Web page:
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Comment: Re:And we're surprised why? (Score 2) 58

No, no, no! You've got it all wrong! When private individuals do such things, they are terrorists, saboteurs, or thieves. But when governments do them, it's perfectly in order - they are only doing what all governments do.

"Il est défendu de tuer; tout meurtrier est puni, à moins qu’il n’ait tué en grande compagnie, et au son des trompettes".
("It is forbidden to kill; therefore all murderers are punished unless they kill in large numbers to the sound of trumpets").

- Voltaire

Comment: Re:COBOL was better than JavaScript. (Score 1) 291

by Archtech (#47653403) Attached to: The Technologies Changing What It Means To Be a Programmer

"There's a good chance that, without JavaScript, the web would have vanished".

How amusing - but quite untrue. Haven't you noticed how, throughout the history of computing, old standards regularly become unfashionable but virtually never disappear? Now consider that the Web was originally designed purely and simply to let people read hyperlinked documents - an extremely useful and indeed fundamental capability. It wasn't meant to display moving pictures, or serve as a virtual shop, or allow people to keep the world updated with what they have eaten or worn.

Without JavaScript, none of that would have been lost. Possibly, a new standard would have been invented to support all the trivial, self-indulgent uses, leaving the real Web unpolluted, efficient, and secure. Pity.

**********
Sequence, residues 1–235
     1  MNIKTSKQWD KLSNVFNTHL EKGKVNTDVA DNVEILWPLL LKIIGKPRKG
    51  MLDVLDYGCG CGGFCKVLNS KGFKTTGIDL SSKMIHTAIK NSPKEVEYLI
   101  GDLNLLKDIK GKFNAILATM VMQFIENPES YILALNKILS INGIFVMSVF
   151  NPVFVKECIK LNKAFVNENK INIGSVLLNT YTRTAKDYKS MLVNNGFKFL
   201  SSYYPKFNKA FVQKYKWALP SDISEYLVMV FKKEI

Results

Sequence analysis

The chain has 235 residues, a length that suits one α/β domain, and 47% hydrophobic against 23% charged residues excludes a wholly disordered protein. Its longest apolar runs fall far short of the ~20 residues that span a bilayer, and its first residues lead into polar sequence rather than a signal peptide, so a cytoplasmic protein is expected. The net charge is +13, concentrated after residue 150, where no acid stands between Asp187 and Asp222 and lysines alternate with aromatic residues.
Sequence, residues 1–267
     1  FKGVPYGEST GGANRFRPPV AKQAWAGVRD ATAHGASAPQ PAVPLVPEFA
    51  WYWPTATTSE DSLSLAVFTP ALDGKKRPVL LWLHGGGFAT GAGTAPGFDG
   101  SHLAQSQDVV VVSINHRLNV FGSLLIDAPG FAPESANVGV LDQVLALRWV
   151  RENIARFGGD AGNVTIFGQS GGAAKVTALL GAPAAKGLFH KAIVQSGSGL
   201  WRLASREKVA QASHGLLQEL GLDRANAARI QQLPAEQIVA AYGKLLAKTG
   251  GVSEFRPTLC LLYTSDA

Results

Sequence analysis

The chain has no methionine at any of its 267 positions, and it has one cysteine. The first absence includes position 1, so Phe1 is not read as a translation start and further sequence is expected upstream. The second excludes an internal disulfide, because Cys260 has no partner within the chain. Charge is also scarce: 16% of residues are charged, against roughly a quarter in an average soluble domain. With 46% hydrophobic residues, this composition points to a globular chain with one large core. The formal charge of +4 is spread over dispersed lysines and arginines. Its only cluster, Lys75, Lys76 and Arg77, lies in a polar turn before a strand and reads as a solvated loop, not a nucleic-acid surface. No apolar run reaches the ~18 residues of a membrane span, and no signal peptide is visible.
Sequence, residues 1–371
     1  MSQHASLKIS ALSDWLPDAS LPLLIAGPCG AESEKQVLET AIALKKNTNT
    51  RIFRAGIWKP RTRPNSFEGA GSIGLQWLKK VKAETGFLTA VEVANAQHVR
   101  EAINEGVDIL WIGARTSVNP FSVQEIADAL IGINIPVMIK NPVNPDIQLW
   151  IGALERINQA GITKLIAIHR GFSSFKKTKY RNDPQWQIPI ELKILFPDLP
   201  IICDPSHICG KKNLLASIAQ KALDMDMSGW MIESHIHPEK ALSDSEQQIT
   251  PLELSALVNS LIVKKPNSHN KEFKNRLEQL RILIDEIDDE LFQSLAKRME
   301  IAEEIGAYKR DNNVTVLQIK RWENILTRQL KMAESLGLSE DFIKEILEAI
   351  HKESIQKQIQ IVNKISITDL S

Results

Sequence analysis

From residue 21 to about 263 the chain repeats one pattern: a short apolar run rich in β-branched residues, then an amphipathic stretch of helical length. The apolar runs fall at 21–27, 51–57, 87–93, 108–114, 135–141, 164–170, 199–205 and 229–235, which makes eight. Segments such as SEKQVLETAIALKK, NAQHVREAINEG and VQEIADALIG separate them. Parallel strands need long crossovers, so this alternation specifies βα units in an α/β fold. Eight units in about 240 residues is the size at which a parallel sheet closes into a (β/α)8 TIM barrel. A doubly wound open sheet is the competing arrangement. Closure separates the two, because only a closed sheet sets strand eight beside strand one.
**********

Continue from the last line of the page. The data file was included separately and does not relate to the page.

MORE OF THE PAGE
Comment: Re:Nobody kills Java (Score 1) 371

by Archtech (#47636057) Attached to: Oracle Hasn't Killed Java -- But There's Still Time

In about 1990 Gartner estimated that there were over 100 billion lines of COBOL in commercial use. By 2003, that had become 180 billion lines. Extrapolating, I'd expect that the figure is over 250 billion lines today. It's rather like the IBM mainframe, whose "death" was being loudly trumpeted in the early 1990s. Yet mainframe sales went right on growing, and today more of them are being used than ever. Most of them probably run COBOL applications.

What you need to decide is what software is for. If it's for fun, an art form, or a fashionable vehicle of self-expression, then by all means go with the latest and greatest languages, frameworks, and tools. But if it's a business-critical (or even safety-critical) component of vital engineering systems, doesn't it make sense to use something that is *known* to work reliably? "A legacy application is one that works", and I for one prefer to fly in aircraft that are programmed with Ada and use banks whose computers run COBOL. Call me a boring old fuddy-duddy, but some things are just better if you can count on them working.

http://scs.senecac.on.ca/~timo...

Comment: Consistent with known incidence (Score 4, Interesting) 267

by Archtech (#47621745) Attached to: My degree of colorblindness: